Eventful first MX showing of 2005 for KTM in Italy

2005-02-13 03:25
Press Release
February 13,2005

Steve Ramon and Ben Townley, the last two MX2 World Champions (2003 and '04 respectively) started their 2005 MX1 campaigns with a difficult test at a dry and dusty Mantova circuit today.
Both riders were fast enough to compete with regular GP peers like reigning number one Stefan Everts, Joel Smets, Mickael Pichon and Javier Garcia Vico but several incidents throughout the three motos ruined any chance of a decent overall result.
Townley suffered a broken chain in the opening race and fell in the second after colliding with Smets while fighting for a top five placing. A swollen and painful thumb forced the Kiwi to sit out the final heat. The hand injury is not believed to be serious although Townley will return to his base in Belgium tomorrow for a further medical check.
Steve Ramon posted race positions of 7-5-5 despite spills in the first and second races. The Belgian was leading in both sprints but crashed of his own accord in the first moto and was a victim of a coming-together with Everts later in the afternoon. A final position of fifth arrived in the last event.
Stefan Everts was the overall winner, claiming two races, with Pichon the victor in the first but suffering a hefty crash in the third moto.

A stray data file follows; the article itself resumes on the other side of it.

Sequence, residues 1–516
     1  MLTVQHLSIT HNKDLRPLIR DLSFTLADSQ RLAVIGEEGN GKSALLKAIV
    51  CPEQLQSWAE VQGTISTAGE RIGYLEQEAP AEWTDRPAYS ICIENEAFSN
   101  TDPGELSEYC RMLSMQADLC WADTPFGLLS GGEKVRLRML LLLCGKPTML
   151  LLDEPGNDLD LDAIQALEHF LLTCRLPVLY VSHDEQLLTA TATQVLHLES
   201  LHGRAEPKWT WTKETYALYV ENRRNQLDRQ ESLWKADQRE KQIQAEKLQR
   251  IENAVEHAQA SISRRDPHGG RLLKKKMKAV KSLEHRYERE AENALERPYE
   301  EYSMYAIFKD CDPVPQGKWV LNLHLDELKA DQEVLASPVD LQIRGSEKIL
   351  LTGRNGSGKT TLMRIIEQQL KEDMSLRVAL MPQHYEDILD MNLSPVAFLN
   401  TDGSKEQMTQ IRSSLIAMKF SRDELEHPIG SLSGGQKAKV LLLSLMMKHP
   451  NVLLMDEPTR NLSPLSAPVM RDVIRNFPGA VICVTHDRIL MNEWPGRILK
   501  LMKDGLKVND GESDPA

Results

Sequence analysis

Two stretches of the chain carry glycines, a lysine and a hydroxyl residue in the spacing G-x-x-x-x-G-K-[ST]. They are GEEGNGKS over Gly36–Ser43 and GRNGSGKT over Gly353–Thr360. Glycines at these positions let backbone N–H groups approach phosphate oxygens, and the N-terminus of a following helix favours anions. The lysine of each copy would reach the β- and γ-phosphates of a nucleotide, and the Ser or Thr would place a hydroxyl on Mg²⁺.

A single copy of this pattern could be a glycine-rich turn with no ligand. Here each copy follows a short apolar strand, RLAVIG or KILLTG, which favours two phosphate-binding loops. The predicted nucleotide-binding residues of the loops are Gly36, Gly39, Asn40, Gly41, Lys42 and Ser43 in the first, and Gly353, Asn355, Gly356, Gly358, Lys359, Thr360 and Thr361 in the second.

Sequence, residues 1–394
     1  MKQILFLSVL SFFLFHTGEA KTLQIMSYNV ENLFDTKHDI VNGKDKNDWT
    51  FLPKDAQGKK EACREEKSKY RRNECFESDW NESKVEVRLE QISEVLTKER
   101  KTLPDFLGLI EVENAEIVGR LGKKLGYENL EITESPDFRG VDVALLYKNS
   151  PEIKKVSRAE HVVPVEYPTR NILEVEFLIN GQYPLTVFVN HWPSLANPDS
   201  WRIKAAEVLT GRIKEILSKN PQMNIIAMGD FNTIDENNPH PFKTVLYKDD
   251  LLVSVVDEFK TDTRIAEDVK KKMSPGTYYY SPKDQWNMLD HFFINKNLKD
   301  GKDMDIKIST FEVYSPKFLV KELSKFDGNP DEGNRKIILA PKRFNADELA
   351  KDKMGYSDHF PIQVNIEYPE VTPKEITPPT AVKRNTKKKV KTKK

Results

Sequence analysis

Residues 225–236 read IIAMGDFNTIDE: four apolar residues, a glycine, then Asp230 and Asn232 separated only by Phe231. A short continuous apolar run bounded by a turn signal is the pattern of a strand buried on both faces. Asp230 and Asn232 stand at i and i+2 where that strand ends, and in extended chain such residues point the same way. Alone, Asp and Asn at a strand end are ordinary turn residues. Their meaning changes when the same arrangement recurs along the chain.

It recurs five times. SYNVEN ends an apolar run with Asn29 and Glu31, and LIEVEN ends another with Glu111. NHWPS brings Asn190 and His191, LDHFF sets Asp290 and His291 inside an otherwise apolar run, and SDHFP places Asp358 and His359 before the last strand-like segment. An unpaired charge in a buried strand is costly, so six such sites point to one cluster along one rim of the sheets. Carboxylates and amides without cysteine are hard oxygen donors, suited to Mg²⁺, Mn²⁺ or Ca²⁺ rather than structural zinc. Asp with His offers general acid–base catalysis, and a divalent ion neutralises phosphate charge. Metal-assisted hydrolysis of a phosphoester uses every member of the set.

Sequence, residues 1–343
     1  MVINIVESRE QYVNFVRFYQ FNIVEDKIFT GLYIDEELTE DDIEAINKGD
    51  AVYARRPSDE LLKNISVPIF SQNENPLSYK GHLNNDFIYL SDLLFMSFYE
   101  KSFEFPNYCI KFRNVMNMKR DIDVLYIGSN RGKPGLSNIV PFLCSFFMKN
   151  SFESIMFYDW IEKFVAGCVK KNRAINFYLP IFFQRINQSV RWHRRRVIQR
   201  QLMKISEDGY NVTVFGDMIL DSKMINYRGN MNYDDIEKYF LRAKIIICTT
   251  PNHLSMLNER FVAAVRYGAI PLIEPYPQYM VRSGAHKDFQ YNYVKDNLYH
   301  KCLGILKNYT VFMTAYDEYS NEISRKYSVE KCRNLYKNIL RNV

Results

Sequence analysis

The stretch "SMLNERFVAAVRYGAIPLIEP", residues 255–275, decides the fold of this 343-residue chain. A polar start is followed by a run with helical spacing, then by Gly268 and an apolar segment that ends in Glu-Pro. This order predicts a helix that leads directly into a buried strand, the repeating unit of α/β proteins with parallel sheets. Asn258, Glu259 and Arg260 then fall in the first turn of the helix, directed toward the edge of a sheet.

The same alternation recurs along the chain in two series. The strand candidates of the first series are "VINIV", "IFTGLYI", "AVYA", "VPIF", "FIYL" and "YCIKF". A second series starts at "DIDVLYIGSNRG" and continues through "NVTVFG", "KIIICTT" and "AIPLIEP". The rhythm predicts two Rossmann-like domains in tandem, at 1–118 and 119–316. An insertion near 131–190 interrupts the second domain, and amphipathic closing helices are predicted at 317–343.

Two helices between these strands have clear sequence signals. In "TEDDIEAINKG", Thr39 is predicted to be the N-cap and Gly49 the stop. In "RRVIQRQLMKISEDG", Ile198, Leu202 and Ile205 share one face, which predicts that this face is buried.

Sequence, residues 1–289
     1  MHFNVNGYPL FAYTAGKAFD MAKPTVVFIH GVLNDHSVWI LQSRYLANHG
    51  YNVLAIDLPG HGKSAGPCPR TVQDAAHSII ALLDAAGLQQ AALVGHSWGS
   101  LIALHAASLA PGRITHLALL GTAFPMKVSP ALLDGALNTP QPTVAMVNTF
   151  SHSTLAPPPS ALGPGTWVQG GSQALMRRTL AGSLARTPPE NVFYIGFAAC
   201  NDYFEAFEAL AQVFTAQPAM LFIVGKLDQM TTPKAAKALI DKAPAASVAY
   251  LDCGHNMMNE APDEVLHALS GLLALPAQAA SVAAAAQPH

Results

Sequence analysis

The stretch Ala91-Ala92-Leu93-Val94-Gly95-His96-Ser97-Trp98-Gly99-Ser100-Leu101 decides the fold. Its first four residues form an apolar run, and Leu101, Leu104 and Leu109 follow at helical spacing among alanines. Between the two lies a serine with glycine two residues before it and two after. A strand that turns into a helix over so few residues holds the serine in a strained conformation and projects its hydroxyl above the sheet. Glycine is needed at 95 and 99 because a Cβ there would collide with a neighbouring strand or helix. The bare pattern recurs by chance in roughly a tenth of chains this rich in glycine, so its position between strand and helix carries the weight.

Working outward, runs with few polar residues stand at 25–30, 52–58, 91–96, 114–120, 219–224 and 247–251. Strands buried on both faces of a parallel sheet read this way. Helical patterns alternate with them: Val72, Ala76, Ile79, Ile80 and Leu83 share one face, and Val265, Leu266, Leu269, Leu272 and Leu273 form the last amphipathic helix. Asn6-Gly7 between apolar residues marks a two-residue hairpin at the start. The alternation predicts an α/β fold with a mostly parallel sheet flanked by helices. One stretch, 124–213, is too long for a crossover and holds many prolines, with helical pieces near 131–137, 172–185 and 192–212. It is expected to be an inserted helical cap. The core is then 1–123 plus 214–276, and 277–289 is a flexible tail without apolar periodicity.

Kenneth Gundersen was overjoyed last week when a positive verdict from medical staff in Sweden meant the Norwegian could start riding this weekend. Gundersen was facing a further month on the sidelines recovering from the cartilage operation that saw him miss the second half of the 2004 MX1 World Championship but the results of the check-up have left doctors surprised and confident that the 23 year old can now climb back onto the factory 450 SX. Although still some distance away from making a racing return Gundersen can begin preparation for the first Grand Prix of the season at Zolder on 3rd April.

"I saw the doctor in Sweden and he said that everything was going really well," he remarked. "After eight months off the bike I was able to make some steady laps at a track just down the road in Norway; it was really nice to be back! I now have to take it easy for the next two months and build the knee up slowly but everything is going the way I hoped. It takes one year for the cartilage to get hard but after eight months it will be OK for motocross. It has now been almost six months so I am getting closer. I plan to train harder and at the end of March they will place a keyhole camera in my knee to see how it is and hopefully then I will get the go-ahead for serious racing."

Source: KTM-Sportmotorcycle AG

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